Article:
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Brexit proves that breaking up is hard to do

Theresa May's cabinet has approved a deal between the United Kingdom and the European Union on terms for Brexit. But the process of gathering consensus was long and difficult. Nick Schifrin speaks to Sebastian Mallaby, author, journalist and senior fellow with the Council on Foreign Relations, about the ‘cold reality shock’ of trying to deliver the referendum’s promises and what might lie ahead.

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  • Judy Woodruff:

    As we reported earlier, British Prime Minister Theresa May announced her Cabinet had approved a deal between the United Kingdom and the European Union on the terms for Brexit.

    It comes nearly two-and-a-half years after Britain narrowly voted to leave the E.U.

    Foreign affairs correspondent Nick Schifrin reports on the terms of separation, and why there's still a long way to go.

  • Nick Schifrin:

    In the European Union, when it comes to divorce, as is always the case, the hardest negotiations can be over property, money and the children. And so it is with Brexit, a divorce where there's not only two sides, but the British family is fighting within itself.

    Prime Minister Theresa May is proposing a kind of divorce with a transition period of remaining friends as the best deal possible.

  • Theresa May:

    The choice was this deal, which enables us to take back control and to build a brighter future for our country, or going back to square one, with more division, more uncertainty, and a failure to deliver on the referendum.

  • Nick Schifrin:

    On property, the sticking point has been the border between Northern Ireland, part of the U.K., and the Republic of Ireland, a separate country that's part of the E.U.

    Today, cars can pass easily because there is effectively no border. The Brexit agreement prevents the return of a hard border by temporarily keeping Northern Ireland inside the E.U. Customs Union, avoiding customs checks between Northern Ireland and Ireland.

    On money, Britain would continue to pay the E.U. as much as $80 billion for decades. And, as for the children, British citizens living in the E.U. and E.U. citizens living in Britain, they would maintain current residence and Social Security rights.

    This morning in Parliament, May presented the deal as the kind of divorce mandated by the Brexit referendum.

  • Theresa May:

    We will take back control of our money, laws and borders. We will deliver Brexit, and the United Kingdom is leaving the European Union on the 29th of March 2019.

  • Nick Schifrin:

    But May's critics from her own party say the break isn't hard enough. Leading Brexit proponent Jacob Rees-Mogg wants a divorce that's a cleaner split.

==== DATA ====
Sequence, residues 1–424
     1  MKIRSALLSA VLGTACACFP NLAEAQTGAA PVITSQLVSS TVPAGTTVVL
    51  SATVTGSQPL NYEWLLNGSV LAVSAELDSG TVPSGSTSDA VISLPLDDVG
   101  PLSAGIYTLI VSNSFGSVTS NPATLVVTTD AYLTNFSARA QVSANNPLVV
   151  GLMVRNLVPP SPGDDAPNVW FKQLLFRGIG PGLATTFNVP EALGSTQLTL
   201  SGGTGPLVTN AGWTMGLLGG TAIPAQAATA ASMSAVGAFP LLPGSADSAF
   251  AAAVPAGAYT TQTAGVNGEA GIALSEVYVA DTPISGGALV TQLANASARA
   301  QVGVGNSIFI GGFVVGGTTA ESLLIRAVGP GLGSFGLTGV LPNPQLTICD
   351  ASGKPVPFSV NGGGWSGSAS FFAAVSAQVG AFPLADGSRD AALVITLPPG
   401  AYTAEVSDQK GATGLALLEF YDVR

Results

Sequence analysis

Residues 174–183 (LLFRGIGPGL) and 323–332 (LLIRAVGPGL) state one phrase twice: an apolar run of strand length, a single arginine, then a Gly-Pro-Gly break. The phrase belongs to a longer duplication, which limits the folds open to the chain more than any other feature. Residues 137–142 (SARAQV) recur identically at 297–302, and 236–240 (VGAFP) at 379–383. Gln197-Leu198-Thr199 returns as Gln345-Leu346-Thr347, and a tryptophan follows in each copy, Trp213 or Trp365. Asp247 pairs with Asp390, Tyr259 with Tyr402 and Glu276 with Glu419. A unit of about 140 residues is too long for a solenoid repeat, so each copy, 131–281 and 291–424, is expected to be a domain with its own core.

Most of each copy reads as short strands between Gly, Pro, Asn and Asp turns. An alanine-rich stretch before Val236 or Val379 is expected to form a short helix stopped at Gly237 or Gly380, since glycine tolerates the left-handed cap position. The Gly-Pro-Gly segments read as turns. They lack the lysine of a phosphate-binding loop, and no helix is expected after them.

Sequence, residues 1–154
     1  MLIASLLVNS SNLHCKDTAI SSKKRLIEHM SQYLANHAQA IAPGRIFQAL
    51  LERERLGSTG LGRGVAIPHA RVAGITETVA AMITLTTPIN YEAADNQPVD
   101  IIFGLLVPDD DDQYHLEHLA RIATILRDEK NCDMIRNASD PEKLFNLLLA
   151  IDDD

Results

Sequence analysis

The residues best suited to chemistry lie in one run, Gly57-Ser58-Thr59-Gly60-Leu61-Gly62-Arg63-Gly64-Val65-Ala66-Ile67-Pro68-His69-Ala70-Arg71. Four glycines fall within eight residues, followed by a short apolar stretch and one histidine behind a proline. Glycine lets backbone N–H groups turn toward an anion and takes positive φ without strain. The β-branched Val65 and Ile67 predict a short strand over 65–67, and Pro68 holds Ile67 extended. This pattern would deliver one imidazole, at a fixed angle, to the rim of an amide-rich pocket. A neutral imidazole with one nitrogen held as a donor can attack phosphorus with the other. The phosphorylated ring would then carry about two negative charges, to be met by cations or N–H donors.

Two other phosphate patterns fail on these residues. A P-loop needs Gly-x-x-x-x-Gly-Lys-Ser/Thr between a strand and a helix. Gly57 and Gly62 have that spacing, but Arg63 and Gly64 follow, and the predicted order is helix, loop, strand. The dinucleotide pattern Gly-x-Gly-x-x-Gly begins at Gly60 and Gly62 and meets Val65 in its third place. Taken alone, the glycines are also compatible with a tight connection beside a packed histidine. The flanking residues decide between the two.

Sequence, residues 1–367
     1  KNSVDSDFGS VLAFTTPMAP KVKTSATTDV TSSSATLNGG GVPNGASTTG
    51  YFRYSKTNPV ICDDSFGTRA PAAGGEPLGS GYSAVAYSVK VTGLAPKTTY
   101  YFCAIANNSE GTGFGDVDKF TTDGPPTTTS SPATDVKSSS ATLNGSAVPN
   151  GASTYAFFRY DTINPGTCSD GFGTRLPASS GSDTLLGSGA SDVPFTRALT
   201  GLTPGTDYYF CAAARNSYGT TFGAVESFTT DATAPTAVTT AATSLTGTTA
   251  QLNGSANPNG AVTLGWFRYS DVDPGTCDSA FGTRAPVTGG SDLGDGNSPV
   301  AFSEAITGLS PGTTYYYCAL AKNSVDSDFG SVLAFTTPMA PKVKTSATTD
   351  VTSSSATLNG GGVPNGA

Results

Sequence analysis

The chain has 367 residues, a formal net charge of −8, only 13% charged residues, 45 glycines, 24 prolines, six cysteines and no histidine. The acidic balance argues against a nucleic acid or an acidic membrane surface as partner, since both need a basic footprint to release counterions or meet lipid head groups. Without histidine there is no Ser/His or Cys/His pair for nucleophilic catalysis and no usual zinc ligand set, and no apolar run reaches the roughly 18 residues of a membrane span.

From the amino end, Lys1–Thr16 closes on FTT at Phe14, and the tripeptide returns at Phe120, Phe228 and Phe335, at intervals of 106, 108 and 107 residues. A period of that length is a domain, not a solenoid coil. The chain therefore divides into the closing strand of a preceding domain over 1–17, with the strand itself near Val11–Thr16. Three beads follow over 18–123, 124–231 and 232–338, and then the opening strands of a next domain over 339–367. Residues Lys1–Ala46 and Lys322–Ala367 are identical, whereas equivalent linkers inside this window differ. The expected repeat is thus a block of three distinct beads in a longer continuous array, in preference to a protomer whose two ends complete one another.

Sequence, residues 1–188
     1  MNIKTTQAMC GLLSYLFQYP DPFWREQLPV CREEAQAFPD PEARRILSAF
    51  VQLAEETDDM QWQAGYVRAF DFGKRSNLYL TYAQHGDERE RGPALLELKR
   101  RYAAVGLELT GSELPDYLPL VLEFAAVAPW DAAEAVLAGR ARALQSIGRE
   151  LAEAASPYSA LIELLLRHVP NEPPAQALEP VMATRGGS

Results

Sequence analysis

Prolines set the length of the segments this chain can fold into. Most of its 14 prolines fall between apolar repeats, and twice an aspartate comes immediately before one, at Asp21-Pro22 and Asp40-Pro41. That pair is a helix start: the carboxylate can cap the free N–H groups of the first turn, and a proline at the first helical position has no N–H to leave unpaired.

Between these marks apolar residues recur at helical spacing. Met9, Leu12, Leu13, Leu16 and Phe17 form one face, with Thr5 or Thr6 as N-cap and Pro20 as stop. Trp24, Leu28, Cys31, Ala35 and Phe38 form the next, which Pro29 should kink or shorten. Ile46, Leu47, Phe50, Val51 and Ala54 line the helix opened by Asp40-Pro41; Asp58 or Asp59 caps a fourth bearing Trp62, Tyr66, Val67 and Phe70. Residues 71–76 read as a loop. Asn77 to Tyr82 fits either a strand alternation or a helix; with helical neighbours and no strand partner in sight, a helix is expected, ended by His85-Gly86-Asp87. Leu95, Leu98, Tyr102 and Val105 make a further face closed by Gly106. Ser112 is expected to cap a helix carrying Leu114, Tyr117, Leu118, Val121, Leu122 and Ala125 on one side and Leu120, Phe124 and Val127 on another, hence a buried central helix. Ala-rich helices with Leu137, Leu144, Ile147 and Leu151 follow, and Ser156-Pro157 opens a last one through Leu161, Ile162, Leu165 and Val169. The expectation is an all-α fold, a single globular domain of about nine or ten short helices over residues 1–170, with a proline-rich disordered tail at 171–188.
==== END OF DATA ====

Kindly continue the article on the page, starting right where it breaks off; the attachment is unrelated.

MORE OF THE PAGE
• Jacob Rees-Mogg:

    Well, she hasn't so much struck a deal as surrendered to Brussels and given into them on everything they want, and tried to frustrate Brexit, that it is not so much the vassal state anymore as the slave state.

  • Nick Schifrin:

    Critics on the right argue staying in that E.U. Customs Union prevents the U.K. from making bilateral trade deals, and binds the U.K. to draconian E.U. trade rules.

    And the leader of a member of Theresa May's coalition, Northern Ireland's Democratic Unionist Party head Arlene Foster, fears the Ireland border deal doesn't guarantee Northern Ireland's integrity inside the United Kingdom.

  • Arlene Foster:

    It's a question of whether we are dealing with the United Kingdom in a way that leaves us adrift in the future. And as the leader of Unionism in Northern Ireland, I'm not about to agree to that.

  • Nick Schifrin:

    The next step, is the E.U. must approve, and then the British Parliament has to agree.

    And analysts predict that the most difficult step of a divorce that's already been hard on everyone.

    So, where does the Brexit process go from here, and what about the future of the U.K., the E.U., and the wider European project?

    For that, we turn to Sebastian Mallaby, longtime author and journalist and the Paul Volcker senior fellow for international economics at the Council on Foreign Relations. He joins me from London.

    Sebastian Mallaby, thank you very much for coming on the "NewsHour."

    There is a lot of reporting tonight about how difficult it was for Theresa May to get this through her Cabinet. Why so challenging?

  • Sebastian Mallaby:

    This has been a drawn-out process, during which negotiating a deal with the 27 countries of the European Union has delivered a cold reality shock to those who supported Brexit, because the promises made in the referendum have proven very hard to realize in practice.